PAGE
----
The venture was always designed to reach users on social media, but what constitutes “social media” has changed greatly in the past few years. Today the company publishes on eight social platforms with clear plans to expand as new social spaces emerge. However, its future stability is still unsure. Publishing to social media sites is like playing cat-and-mouse; for every update Facebook and Twitter makes, NowThis’ social strategy team must work to catch up to these minor changes. These platforms offer few options for advertising.
It also remains unclear how the new company is creating profit. The only public information on funding available through Securities and Exchange Commission documents total roughly $15 million in investments that the company has raised since late 2012. When asked for further information on additional revenue, NowThis cited strategic partnerships and syndication programming deals in place but offered no specific numbers. “We’re already driving a sizable amount of revenue each year,” said Belser.
Through all this change, NowThis has been consistently iterating on its content, working hard to match the style of video with the platform that it lives on. When it launched, one- and two-minute videos were the norm. Most of the content was hosted by VJs, or video journalists and a flashy graphics-heavy intro played for several seconds before content began. Now anything longer than 50 seconds is verboten. The intros were abandoned in favor of on-screen text that lends itself well to Facebook’s autoplay feature.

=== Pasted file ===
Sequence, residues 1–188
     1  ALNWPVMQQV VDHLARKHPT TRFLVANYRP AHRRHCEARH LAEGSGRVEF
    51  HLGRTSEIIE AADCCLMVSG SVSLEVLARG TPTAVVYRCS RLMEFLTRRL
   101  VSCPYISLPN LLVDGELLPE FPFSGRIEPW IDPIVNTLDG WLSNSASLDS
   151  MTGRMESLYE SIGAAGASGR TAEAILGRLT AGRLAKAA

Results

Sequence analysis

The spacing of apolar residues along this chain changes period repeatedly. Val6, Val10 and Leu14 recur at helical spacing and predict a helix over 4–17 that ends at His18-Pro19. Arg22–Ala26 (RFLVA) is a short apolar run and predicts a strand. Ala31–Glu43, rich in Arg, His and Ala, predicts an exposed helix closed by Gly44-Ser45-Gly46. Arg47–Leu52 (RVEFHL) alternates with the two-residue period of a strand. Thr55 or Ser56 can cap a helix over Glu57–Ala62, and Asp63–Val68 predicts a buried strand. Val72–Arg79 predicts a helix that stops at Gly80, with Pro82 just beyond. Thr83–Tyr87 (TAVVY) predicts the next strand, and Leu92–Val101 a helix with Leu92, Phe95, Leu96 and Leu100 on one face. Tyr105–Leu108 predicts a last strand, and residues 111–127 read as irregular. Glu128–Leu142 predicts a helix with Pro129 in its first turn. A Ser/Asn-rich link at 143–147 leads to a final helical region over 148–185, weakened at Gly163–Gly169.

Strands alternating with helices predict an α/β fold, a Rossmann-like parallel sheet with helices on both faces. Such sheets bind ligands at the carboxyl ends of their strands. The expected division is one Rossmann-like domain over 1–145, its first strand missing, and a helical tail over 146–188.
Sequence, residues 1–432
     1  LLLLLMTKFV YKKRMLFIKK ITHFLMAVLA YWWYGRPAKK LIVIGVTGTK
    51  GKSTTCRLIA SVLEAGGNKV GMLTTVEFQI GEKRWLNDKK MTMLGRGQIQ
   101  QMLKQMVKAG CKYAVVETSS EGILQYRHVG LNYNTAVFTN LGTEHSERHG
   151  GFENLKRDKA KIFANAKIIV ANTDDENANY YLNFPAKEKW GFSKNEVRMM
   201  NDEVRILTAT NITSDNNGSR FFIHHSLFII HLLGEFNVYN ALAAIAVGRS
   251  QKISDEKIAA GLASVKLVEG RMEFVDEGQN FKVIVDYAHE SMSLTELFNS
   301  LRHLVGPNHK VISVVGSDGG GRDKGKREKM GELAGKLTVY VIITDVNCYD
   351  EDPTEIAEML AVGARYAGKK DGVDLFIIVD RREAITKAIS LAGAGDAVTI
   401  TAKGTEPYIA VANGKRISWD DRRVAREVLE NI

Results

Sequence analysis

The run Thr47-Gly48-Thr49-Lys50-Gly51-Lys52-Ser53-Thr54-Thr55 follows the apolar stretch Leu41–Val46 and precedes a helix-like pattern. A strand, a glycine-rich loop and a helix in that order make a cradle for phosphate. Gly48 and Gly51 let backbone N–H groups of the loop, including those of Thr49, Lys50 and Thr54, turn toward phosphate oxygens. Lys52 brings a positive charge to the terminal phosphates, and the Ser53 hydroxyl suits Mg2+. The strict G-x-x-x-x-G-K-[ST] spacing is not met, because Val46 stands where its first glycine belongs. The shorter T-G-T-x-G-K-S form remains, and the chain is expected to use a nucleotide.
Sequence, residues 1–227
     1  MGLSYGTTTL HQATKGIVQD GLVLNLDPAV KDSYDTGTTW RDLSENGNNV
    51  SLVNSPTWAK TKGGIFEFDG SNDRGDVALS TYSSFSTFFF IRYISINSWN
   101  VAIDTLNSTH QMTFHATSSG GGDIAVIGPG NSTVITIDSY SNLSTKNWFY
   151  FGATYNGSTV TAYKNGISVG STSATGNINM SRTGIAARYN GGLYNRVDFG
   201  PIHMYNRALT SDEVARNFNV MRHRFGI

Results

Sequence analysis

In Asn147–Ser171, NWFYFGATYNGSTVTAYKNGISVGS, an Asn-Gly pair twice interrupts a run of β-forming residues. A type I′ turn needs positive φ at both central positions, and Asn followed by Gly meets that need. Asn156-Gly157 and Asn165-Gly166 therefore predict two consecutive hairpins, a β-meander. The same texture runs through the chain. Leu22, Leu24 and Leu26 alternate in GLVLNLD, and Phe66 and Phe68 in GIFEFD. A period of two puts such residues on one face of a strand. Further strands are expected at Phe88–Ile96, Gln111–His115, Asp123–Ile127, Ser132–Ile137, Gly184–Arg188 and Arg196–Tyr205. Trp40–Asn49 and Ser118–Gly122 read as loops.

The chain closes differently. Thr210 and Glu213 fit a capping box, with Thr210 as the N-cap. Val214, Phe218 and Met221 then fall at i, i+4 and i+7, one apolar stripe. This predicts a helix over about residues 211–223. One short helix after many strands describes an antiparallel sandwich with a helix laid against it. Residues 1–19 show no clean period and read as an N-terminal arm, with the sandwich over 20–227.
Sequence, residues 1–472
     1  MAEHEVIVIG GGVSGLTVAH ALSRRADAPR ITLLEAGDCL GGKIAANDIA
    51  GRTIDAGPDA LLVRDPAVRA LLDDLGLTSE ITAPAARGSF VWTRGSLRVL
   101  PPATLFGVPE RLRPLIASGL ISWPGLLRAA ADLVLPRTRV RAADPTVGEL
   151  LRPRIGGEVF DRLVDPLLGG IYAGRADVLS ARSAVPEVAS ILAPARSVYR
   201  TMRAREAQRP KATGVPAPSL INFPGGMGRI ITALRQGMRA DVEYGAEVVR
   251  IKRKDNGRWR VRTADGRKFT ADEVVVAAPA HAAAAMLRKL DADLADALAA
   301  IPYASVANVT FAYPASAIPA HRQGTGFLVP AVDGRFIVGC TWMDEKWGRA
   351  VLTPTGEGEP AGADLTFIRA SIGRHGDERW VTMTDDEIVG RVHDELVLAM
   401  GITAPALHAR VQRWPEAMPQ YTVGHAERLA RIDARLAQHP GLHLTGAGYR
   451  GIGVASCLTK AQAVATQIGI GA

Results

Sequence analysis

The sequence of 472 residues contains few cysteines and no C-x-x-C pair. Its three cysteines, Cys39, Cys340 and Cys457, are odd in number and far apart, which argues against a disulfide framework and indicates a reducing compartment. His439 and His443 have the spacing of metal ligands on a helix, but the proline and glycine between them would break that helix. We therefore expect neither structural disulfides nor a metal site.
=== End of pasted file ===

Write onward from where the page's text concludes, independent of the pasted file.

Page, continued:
Perhaps most dramatically, the newsroom abandoned its homepage in early February of this year. Rather than a traditional homepage, NowThis switched to a landing page that links users to content that only exists on social media.
“It was a movement that was unanimously supported in the newsroom,” NowThis Social Strategist Dhiya Kuriakose said. “Everybody who works here understand how valuable our social platforms are and that’s where our audience lives and that’s where we appreciate them the most.”
Despite the drastic change, Frank says the site’s audience continues to grow. In late 2014, it was announced that NowThis raised $6 million in funding through an investment from NBC Universal as part of a strategic partnership. “It’s an opportunity for them to work with people focused on social and mobile distribution,” said Steven Belser. The partnership, he believes, lends itself well to both parties.
NowThis and MSNBC are working together to produce two daily series, Sound Off and Facepalm. Sound Off features controversial content that prompts the audience to react in the comments. Facepalm showcases shocking, offensive, or downright dumb moments in trending news.